In between baking turkeys and pumpkin pies, and enjoying a really good football game between Stanford and Norte Dame, I decided to use up my Tower Theatre Movie-Lovers Pass to take in what could be contenders for Best Picture at the Oscars next year.
Both were about family, and dealing with situations that are scarier than Freddy Krueger, Jigsaw or Spiedi even trying to make a movie starring them.
They're also not exactly feel-good movies of the year, but are still worth your time.
The first is The Road, about a father and son trying to survive a post-apocalyptic road. Now, I have heard that it's very dark and depressing, but this isn't The Road Warrior. It's a realistic portrayal of how we'd revert back to being animals ten years after the world we know collapses in every way. Forget 2012, and its message of hope and convenient arks. This is what would really happen.
The cinematography is incredible, as it shows a world without animals, sunlight or hope. We see humans literally regress, and even resort to cannibalism. A Reaver would be sick to see something like this.
At the center of it all is the Man, played by Viggo Mortensen, and the Boy, sensitively played by Kodi-Smit-McPhee. They're trying to get to "the coast", hoping things will be better. The Man is just concerned about making sure they keep going. He's armed with a gun with only two bullets. It's used to defend themselves, but also as a last resort if they lose all hope. It's interesting the Boy has never known what the world was like before the disaster because he was born after it happened. He represents hope in a world that has none. He's there to make sure his dad doesn't lose his humanity.
Also, look for small but interesting roles by Charlize Theron and Robert Duvall. Even Garret Dillahunt, best known as Cromartie/John Henry on Terminator: Sarah Connor Chronicles, is there. I didn't recognize him in the movie.
This is based on the novel by Cormac McCarthy, also known for No Country For Old Men. It's a tough movie, but well worth your time.
As tweens and teens pack theaters showing the latest Twilight movie, their parents are checking out Precious, a movie that has received the seal of approval of Oprah Winfrey and several film festivals. Naturally, I wanted to see what all the fuss was about. As most people know, it's about a pregnant 16-year old girl with a very difficult home life trying to survive. Again, it's a tough movie to see. The scenes between Gabourney Sibide and Monique are really tough. They play Precious and her mom Mary, respectively. Precious doesn't have a lot of ambitions because Mary makes sure she doesn't have any. All she cares about is that Precious go apply for welfare. She's very abusive, especially physically. Precious is also pregnant with her second child...by her father...and still in junior high school.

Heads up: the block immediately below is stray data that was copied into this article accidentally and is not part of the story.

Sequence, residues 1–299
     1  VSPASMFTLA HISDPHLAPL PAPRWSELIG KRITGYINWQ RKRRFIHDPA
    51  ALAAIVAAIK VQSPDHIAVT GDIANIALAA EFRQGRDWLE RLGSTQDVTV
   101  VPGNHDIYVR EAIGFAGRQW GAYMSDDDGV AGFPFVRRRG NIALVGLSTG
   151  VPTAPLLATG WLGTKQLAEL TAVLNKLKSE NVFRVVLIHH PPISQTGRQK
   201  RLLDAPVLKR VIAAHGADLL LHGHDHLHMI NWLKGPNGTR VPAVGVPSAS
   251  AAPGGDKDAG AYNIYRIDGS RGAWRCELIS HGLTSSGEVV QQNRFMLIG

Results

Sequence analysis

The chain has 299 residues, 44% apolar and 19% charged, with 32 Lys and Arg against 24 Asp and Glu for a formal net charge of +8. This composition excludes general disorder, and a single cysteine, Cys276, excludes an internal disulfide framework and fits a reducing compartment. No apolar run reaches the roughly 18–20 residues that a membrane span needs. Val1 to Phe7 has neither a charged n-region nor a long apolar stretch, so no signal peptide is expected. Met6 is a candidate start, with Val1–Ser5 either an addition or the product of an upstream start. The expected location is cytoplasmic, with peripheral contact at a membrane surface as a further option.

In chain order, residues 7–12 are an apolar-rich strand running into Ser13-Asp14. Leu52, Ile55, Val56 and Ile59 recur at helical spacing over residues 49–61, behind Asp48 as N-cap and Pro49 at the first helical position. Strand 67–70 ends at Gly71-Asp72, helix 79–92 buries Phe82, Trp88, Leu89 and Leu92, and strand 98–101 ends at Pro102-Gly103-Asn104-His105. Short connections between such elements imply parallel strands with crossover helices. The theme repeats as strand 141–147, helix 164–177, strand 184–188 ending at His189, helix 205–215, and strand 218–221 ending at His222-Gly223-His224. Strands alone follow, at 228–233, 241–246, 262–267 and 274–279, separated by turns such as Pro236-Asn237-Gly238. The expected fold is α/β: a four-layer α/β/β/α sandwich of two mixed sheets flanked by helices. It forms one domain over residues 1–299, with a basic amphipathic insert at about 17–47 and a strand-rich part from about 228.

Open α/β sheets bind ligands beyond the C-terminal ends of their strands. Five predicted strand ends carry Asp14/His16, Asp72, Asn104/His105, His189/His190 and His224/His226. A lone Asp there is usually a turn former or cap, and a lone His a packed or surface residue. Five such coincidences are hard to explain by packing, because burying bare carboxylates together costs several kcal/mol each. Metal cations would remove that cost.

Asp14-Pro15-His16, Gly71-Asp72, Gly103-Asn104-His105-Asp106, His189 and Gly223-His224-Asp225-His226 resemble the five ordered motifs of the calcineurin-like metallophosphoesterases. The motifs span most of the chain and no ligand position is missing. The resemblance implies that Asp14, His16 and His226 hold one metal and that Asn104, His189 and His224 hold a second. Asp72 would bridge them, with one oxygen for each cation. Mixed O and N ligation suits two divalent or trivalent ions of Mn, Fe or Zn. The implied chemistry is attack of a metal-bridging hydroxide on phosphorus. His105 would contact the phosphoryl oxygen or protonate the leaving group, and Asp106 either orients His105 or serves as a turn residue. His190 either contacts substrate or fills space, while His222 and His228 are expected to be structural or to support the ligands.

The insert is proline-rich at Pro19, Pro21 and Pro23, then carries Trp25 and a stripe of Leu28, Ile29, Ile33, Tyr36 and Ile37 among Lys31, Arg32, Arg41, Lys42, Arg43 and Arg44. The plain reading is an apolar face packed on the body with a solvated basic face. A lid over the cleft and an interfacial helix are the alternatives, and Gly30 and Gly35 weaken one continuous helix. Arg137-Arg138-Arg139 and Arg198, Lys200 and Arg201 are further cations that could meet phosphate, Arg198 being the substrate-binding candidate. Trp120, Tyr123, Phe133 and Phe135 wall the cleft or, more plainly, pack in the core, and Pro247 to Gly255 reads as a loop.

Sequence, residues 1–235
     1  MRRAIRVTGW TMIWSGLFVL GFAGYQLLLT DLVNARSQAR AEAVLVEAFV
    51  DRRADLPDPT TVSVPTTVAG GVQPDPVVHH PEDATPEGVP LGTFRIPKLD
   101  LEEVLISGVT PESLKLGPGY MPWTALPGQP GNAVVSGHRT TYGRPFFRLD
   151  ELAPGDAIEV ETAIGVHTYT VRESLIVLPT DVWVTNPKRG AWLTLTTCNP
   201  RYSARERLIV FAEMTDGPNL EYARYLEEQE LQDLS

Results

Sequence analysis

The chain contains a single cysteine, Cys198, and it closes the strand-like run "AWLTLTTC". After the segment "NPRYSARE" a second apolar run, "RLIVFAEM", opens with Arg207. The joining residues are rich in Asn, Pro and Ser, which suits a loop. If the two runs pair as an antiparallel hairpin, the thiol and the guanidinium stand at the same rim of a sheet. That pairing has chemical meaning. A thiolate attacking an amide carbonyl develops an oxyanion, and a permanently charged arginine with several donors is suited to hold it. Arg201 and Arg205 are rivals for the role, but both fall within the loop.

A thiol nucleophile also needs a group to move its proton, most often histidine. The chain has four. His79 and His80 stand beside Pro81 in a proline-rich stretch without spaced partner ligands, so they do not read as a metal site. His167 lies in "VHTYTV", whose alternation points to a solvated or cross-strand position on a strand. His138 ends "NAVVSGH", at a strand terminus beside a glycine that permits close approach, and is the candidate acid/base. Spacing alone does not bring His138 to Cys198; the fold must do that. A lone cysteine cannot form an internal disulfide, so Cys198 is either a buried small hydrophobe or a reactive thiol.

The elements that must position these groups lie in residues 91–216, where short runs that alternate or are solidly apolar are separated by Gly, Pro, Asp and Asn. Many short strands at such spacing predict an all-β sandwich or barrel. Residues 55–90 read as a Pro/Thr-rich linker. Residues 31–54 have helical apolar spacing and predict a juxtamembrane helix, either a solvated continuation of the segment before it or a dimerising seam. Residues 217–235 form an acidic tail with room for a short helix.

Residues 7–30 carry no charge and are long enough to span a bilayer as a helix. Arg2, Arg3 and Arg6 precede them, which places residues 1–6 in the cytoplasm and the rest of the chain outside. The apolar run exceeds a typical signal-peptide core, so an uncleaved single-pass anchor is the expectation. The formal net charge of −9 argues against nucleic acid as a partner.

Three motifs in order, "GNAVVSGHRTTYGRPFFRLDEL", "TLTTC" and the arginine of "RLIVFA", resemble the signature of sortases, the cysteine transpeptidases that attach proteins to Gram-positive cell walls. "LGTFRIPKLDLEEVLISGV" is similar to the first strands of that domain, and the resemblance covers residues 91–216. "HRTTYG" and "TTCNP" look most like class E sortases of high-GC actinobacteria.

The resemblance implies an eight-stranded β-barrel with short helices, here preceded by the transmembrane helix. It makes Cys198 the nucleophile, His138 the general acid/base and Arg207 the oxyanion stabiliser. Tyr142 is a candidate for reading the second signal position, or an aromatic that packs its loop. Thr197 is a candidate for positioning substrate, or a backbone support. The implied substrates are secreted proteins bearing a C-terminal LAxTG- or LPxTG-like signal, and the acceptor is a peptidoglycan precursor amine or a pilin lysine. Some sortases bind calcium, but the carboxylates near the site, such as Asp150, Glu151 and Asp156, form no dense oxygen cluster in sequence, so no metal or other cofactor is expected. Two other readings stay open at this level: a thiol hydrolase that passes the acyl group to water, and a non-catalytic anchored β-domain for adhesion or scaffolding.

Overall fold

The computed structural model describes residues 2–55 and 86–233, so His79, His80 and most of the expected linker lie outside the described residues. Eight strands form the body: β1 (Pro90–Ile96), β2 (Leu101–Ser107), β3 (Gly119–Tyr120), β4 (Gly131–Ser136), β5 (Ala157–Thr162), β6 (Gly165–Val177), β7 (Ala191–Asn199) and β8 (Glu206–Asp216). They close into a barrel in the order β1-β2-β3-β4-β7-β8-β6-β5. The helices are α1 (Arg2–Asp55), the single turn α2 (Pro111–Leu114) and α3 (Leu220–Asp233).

When life gets too tough, Precious imagines herself living as a famous singer, or having a loving boyfriend. Those fantasies are much brighter that her harsh reality.
She finally gets help from a teacher an an alternative school. She's played by Paula Patton. While this part of the story may be a familiar plot to anyone who has seen similar movies, Patton does a great job as a woman who won't give up on anyone with potential. Inside the large downtrodden teenager, the teacher sees hope and potential.
When it first premiered in Los Angeles and New York, the movie houses were filled. he showing at the Tower was just about full as well, and I heard a lot of gasps from the crowd as the plot unfolded. Safe to say, Sibide and Monique are incredible as the mother and daughter, as in Patton.
You may have also heard Mariah Carey is in the movie, totally de-glamorized as Mrs. Weiss. She's also great here. If she wanted a movie career, she should have started with this rather than Glitter.
For the record, I will be looking for ligher fare are the parade of holidays movies starts its march. Up In The Air with George Clooney looks like a winner, and Disney's return to traditional animation, The Princess and the Frog, also looks like a winner only because in this version, one kiss won't be enough to solve everything (proof that they've learned something from Enchanted).